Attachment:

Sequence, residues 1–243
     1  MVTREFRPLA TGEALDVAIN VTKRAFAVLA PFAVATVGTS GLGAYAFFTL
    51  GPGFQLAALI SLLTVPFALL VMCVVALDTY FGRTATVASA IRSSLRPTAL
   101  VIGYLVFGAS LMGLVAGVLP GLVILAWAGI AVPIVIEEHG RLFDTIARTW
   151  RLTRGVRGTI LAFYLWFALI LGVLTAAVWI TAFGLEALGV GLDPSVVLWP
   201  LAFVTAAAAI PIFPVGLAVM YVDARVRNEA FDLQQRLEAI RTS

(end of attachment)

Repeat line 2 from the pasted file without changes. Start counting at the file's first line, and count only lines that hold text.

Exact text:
     1  MVTREFRPLA TGEALDVAIN VTKRAFAVLA PFAVATVGTS GLGAYAFFTL